Take it on the chin, then change

Panorama exposed some major holes in selling online advertising. Brands and agencies should regard this as a wake-up call in best practice, says Guy Phillipson

It’s rare for a peak-time television show to pan its camera on internet advertising. Yet earlier this week, as part of a wider investigation into cyber bullying, the BBC’s Panorama stumbled upon a practice that sent shivers down the spine of not only respectable online advertising sales houses and networks, but also media agencies and advertisers.

On a rather ugly website called PSfights.com Panorama found bluechip brands unknowingly running banner ads alongside videos of “happy slapping” and equally inappropriate material. The brands in question and their agencies moved lightning fast to pull the ads, and various enquiries and investigations were launched to find out how and why such an error occurred.

The main reason is the sheer size of the Web. Online’s not only a massive medium in terms of advertising spend, but also in its incredible reach. Even if a new digital TV channel launched every hour, there would still be nowhere near enough programmes to rival the billions of pages that make up the World Wide Web.

Most advertisers allocate the majority of their online budgets to big portals and major publishers, or highly targeted specialist sites and communities. However, more than 20% of online display advertising in the UK goes through sales houses – or networks – that represent thousands of smaller websites.

There are many advantages to the network buy – it’s great for vertical and behavioural targeting and the cost per thousands (CPM) can be cheap and efficient. In turn, that means conversions (CPA) can look very attractive. I’ve heard one agency describe this as “candy for direct-response advertisers”, and why not if media agencies are often judged on too-tight CPA targets?However, there is a major risk from “chain-buying inventory”, which involves inventory being sold from one network to another with no robust checks or quality control. Even reputable media agencies and sales houses risk exposing their clients to sites featuring dubious content. That’s what Panorama uncovered and this is precisely why IASH – the sales house council of the IAB – was formed, to ensure stringent self-regulation and transparency.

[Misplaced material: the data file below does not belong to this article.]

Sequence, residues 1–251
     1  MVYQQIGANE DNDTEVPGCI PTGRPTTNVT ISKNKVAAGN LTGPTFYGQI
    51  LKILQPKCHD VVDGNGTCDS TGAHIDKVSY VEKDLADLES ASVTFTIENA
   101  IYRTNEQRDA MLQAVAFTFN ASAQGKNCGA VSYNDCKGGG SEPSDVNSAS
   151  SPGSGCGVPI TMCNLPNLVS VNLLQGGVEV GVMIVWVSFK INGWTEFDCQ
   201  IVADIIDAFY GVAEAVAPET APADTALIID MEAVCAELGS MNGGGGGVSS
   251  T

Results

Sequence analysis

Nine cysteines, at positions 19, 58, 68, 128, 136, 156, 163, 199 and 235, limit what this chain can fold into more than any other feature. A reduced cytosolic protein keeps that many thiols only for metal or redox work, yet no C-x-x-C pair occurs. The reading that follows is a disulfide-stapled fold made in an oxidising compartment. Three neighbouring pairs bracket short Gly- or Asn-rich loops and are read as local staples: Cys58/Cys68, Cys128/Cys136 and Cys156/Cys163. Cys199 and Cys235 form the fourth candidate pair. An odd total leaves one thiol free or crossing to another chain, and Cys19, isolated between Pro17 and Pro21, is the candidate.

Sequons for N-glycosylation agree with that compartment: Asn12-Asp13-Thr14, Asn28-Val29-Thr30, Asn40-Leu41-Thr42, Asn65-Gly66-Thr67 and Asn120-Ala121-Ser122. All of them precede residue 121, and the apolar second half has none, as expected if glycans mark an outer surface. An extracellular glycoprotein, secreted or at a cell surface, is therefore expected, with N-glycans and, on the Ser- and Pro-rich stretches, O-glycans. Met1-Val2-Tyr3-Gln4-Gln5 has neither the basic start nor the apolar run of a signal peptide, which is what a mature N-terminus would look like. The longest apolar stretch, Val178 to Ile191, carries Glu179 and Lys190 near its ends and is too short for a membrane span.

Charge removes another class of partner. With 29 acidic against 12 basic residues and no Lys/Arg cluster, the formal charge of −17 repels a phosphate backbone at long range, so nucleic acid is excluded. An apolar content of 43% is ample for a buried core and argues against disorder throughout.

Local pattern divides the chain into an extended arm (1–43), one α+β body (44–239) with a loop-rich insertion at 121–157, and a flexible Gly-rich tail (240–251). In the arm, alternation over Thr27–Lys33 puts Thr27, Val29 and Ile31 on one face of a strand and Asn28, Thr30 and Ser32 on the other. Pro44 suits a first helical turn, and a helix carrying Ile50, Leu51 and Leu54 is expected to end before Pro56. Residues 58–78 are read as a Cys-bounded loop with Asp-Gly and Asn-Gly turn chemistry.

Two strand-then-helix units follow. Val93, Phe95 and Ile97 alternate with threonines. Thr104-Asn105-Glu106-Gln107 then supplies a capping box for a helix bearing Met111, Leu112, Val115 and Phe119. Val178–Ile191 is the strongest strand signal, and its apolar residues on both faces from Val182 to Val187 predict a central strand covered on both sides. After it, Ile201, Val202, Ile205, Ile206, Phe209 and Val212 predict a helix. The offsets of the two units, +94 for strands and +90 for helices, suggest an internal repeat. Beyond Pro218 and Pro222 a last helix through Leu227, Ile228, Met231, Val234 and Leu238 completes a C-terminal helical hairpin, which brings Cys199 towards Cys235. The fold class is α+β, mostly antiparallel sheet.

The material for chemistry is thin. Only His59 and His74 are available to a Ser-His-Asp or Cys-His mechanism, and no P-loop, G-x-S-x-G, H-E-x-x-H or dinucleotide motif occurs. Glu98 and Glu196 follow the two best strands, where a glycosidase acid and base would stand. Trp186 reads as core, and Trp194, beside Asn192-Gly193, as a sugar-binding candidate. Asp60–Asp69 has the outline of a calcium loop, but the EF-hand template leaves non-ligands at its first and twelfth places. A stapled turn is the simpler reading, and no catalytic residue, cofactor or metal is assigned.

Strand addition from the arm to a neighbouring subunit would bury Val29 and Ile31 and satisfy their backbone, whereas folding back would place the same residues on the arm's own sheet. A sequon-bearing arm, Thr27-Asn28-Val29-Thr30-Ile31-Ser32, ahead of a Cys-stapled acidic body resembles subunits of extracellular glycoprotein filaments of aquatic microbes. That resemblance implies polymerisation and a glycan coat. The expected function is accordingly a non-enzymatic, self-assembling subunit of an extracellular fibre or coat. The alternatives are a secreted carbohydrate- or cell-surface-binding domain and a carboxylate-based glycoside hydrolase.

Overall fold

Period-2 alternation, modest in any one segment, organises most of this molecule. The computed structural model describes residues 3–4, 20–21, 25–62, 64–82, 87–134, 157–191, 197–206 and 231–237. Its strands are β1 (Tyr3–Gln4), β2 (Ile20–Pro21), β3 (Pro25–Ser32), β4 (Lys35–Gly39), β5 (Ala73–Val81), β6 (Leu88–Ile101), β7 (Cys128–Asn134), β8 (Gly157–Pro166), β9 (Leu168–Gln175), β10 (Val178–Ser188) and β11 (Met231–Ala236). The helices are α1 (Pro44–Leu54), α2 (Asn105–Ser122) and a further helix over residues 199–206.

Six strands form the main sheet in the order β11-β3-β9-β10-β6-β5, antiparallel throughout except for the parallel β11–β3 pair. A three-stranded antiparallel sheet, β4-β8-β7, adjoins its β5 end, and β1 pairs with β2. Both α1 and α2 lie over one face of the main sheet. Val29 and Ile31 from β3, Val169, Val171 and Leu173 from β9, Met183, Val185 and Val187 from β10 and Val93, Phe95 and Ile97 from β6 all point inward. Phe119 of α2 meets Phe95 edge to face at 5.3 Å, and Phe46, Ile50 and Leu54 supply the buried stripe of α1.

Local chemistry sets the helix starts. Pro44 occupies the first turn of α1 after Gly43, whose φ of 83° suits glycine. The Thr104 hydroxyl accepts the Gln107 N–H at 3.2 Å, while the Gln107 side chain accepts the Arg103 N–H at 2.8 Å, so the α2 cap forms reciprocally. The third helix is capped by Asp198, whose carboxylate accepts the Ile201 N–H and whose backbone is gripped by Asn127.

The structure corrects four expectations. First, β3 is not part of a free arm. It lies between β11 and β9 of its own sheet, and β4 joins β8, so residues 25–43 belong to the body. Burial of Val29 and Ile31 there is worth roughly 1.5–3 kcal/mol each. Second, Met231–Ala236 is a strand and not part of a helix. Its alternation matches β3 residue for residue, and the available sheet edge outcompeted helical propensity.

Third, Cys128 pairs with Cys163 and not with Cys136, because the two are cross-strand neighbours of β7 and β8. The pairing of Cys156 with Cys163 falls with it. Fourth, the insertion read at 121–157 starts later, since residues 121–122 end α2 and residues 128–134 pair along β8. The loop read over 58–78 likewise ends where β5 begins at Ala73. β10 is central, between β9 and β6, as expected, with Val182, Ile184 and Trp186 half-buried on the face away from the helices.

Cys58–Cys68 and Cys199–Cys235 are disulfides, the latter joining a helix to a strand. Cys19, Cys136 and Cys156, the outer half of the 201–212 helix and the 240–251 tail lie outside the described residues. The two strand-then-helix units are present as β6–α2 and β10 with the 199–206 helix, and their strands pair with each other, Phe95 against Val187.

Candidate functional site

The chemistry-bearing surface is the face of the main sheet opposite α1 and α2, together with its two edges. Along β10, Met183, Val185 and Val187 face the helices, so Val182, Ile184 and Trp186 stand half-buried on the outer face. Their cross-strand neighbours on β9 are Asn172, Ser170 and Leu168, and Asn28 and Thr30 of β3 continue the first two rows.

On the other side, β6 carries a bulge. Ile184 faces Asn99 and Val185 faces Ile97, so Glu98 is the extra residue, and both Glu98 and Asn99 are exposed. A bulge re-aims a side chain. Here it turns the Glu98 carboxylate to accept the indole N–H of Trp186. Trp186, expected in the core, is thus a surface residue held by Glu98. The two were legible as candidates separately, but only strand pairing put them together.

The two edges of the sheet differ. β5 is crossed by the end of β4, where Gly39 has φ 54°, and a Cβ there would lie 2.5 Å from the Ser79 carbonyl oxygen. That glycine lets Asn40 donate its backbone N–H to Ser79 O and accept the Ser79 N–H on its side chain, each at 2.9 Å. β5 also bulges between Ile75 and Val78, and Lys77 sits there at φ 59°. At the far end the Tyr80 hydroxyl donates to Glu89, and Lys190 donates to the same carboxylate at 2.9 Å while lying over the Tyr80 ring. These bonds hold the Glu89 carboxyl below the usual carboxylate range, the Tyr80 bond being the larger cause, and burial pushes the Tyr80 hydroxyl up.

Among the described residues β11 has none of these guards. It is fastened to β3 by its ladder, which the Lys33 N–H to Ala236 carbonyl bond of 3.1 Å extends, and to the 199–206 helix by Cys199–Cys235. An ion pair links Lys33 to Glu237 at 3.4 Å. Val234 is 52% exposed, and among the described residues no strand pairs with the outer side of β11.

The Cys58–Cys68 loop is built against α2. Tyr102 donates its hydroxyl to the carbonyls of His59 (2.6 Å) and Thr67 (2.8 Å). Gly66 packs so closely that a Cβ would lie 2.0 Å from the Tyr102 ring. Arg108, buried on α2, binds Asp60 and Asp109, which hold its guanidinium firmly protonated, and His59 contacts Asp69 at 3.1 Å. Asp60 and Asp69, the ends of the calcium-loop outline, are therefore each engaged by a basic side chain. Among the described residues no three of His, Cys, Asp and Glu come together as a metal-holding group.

Member networks commit to a code of conduct that includes vetting all inventory and classifying it into the categories of “standard IASH” (completely safe for all brands) and “optional IASH” (lads’ mags online, for instance). “Barred inventory” – which includes sites that feature indecent, obscene or hate content in any form – is banned from IASH and should never be traded.

The internet is clearly not the Wild West it was five years ago, but this incident, while regrettable, can only help the industry tighten up its self-regulation and reinforce the point to advertisers that they need to be as vigilant with their brands online as they would in any other medium.

Agencies need to take their gatekeeper role a stage further, to make clients aware of the risks and ensure the networks they use are not practising blind chain-buying. There are five simple steps all marketers should heed to avoid brands appearing where they shouldn’t: agree a policy on network buys with your media agency and be realistic about CPA targets; avoid chain-buying – the practice of one network buying “blind” from another to fulfil an order; agencies should tighten up service agreements and ensure they know exactly what they are buying; avoid “IP targeting” like the plague (where a network targets a UK audience through international – usually US – websites. Dodgy websites easily slip through quality control with IP targeting); and finally, trade through IASH-compliant member networks. Each has signed up to a code of conduct and is regularly audited to ensure trading is transparent.

The 13 current IASH member sales houses are now being audited. Once complete, the audit will represent a giant leap forward in reinforcing the integrity of online. However, there are some 40 sales networks operating in the UK, and while the IAB advises advertisers to trade through IASH, this may not be practical for every campaign.

So while the easiest (and cheapest) option may prove attractive, ask yourself what dangers you are exposing your brand to. Marketers who act responsibly and work with companies that believe in self-regulation will enjoy the tangible benefits of online advertising and avoid the headaches.

Guy Phillipson is chief executive of the Internet Advertising Bureau

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